Republican National Committee Communications Manager Sean Spicer on Tuesday insisted that MSNBC host Thomas Roberts had insulted him after he was asked if Republicans "had put too much stock in voter suppression."

"I actually find it extremely insulting to say that there was any effort by anyone to suppress the vote," Spicer said. "I find that unbelievably insulting."

Roberts pointed out that a federal court in August had blocked a Republican-passed photo ID law that they said would have likely suppressed the voting rights of minorities in Texas.

"I think to somehow equate showing a photo ID -- which in most states is given free if there is an issue with the person's economic condition -- that somehow requiring people to show the same type of thing that would be required to get government assistance, get on an airplane, enter a government building is actually a common-sense move to make sure we maintain the integrity of the precious right to vote," Spicer argued.

"Your basic American right isn't to fly, is it?" Roberts pressed. "To get an ID like that in certain cases, it is considered to be a poll tax and a poll tax is unconstitutional. Is a poll tax constitutional or unconstitutional?"

"That's like saying, to drive on a road is a poll tax because you have to get a license," Spicer replied.

"Driving on a road and getting a license, that's not a poll tax," Roberts explained. "Going into a government building is not a poll tax, flying on an airplane and showing your passport is not a poll tax. But going to vote and having to prove who you are, but having to go out and spend money on getting that ID or driving 30 miles because you don't have an ID place in your town so you've got to drive a disproportionate distance to get one, that is a poll tax. That costs you money."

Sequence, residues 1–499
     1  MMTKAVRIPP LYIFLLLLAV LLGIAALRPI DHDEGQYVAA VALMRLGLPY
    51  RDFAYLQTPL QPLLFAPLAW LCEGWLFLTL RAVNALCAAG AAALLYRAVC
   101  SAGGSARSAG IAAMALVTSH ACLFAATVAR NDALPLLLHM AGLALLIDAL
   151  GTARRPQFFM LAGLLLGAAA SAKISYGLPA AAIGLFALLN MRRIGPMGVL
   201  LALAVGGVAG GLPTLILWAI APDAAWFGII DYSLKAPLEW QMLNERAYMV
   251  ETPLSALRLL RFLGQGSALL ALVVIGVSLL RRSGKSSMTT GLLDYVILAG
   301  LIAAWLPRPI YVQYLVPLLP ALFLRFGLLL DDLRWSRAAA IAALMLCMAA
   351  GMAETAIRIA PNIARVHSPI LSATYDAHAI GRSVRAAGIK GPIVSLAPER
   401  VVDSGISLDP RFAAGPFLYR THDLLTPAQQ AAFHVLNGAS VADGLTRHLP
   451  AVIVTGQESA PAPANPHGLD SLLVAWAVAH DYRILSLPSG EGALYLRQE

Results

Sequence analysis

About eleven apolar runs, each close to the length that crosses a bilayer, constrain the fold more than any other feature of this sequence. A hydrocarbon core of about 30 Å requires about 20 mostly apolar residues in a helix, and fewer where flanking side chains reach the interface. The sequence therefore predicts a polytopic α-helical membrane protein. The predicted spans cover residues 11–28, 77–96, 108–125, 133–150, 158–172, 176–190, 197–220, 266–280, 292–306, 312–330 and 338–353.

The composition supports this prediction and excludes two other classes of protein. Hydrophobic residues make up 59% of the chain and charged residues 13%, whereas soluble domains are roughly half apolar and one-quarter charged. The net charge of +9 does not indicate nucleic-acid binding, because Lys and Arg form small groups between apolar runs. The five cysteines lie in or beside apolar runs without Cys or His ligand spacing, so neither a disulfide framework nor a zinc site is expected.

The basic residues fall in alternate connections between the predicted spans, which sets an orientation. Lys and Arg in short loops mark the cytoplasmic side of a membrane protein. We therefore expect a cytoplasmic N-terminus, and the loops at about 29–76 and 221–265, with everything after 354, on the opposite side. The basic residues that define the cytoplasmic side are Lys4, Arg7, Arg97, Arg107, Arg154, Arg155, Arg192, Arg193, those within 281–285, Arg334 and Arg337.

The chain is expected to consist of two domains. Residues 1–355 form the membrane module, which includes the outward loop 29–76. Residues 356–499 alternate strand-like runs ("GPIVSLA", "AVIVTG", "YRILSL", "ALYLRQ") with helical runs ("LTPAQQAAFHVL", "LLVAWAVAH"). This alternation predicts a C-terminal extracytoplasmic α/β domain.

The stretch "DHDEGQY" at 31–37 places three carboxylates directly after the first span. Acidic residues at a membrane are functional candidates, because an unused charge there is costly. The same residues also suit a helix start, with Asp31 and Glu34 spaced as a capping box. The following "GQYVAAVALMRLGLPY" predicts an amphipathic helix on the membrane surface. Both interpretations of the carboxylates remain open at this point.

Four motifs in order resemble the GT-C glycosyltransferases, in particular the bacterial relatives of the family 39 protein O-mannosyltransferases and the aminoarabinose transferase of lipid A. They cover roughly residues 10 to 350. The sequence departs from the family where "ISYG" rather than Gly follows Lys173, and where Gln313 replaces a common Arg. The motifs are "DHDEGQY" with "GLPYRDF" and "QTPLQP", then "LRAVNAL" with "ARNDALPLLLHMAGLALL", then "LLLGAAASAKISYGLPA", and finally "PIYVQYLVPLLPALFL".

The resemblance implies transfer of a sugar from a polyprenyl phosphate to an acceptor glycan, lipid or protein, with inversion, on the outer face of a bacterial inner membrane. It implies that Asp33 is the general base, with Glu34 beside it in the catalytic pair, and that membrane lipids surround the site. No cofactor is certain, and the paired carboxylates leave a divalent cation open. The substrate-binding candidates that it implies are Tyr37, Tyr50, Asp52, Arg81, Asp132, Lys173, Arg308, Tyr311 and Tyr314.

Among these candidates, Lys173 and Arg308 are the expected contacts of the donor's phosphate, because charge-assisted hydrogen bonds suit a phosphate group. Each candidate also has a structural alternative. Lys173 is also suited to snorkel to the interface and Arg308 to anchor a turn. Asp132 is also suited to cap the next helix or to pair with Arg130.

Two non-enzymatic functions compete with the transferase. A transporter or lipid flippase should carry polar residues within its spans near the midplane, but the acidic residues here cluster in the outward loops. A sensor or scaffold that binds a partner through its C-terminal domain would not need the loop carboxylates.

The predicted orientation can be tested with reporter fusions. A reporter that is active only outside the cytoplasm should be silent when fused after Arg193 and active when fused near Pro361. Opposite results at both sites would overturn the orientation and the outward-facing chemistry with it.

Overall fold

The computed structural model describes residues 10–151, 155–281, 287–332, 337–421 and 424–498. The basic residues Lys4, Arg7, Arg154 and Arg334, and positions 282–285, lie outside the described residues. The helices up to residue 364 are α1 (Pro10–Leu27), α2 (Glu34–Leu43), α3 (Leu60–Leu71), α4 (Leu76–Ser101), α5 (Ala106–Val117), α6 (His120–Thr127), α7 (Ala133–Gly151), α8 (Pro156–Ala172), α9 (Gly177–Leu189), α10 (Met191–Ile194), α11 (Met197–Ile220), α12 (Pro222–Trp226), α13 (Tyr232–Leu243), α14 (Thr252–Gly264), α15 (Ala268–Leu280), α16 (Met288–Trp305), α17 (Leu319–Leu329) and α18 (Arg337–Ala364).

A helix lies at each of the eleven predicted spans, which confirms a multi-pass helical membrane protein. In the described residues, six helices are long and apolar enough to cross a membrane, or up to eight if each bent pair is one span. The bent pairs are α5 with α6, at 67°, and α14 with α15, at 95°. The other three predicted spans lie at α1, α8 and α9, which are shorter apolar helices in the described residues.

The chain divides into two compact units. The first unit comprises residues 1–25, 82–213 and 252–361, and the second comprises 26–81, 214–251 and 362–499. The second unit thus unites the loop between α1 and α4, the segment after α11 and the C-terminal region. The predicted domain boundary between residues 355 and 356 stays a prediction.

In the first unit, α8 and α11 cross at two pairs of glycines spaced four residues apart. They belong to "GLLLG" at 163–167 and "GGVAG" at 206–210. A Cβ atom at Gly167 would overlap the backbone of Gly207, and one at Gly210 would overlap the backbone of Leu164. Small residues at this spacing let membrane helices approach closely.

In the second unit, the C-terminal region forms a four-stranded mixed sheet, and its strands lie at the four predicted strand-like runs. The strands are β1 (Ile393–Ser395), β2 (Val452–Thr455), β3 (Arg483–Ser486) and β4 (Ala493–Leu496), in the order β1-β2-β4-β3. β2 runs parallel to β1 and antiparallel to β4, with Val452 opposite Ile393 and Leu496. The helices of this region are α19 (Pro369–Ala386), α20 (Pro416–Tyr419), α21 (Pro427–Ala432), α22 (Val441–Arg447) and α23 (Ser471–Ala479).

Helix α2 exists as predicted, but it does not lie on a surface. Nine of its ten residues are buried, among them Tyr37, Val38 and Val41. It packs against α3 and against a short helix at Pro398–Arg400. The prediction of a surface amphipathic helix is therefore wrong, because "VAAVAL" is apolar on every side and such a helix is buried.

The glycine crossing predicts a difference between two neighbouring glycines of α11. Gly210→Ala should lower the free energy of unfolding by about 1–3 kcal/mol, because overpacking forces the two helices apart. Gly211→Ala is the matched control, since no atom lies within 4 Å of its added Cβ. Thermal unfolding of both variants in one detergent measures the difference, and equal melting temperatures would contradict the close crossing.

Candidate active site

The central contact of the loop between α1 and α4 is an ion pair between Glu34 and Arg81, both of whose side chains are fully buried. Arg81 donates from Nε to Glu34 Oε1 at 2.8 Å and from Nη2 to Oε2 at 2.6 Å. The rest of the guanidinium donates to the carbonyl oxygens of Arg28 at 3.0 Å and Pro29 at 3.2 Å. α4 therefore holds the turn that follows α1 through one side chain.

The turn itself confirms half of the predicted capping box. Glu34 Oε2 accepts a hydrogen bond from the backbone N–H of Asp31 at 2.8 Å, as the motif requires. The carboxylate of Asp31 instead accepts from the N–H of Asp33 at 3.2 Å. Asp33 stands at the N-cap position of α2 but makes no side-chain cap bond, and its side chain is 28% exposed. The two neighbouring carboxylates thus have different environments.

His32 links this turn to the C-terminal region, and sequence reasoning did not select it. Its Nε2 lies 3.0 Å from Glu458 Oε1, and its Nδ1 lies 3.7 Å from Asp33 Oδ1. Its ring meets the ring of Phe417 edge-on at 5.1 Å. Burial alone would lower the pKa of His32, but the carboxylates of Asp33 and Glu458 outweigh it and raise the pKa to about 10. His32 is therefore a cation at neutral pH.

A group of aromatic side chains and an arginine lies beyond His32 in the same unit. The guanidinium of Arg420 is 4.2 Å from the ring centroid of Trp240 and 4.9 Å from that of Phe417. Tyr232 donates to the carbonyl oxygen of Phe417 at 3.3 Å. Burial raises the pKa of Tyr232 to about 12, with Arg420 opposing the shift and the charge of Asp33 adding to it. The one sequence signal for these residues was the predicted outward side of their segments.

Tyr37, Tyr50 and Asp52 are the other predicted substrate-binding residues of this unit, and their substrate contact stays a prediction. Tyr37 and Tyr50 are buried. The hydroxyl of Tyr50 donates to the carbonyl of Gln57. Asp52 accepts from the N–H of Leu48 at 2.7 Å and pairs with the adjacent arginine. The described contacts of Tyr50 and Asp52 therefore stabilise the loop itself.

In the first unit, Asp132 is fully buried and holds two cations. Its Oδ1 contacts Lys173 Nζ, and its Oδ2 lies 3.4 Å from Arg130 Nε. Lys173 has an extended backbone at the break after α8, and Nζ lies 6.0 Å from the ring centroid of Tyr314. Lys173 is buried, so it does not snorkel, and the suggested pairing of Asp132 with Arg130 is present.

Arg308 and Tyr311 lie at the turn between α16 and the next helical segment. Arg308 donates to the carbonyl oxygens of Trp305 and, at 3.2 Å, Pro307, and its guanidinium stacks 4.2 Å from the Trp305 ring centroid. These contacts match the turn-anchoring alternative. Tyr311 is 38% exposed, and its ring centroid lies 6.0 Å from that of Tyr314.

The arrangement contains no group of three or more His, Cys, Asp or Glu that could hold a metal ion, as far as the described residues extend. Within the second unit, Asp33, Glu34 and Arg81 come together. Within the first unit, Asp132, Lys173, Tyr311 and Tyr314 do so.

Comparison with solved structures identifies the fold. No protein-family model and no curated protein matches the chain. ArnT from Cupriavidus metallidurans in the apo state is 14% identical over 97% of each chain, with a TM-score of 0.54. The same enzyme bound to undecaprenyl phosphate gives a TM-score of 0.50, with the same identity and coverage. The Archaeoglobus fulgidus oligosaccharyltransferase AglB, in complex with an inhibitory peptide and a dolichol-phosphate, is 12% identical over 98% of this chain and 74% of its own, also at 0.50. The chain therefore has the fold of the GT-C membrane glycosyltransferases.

"What you've just said to me is, 'Gosh, to prove who you are is a tax,'" Spicer said. "What would you do? Just assume that you walk in and anyone could just say, 'Hey, I'm am who I am.'"

"But we don't have an issue with voter fraud in this country," the MSNBC host pointed out. "There are no substantial instances of voter fraud that federal judges would actually rule on to implement these laws."

Spicer asked Roberts if he locked his house at night, not because it had been previously broken into, but "because it's something precious and you want to protect it."

"We need to lock out people from voting?" Roberts wondered. "I mean, that's what basically voter suppression is: putting a lock on the right and access for many Americans to vote, who may not have the same access to voting as you and I have because maybe we can afford to go get an ID for ourselves."

Watch this video from MSNBC, broadcast Oct. 10, 2012.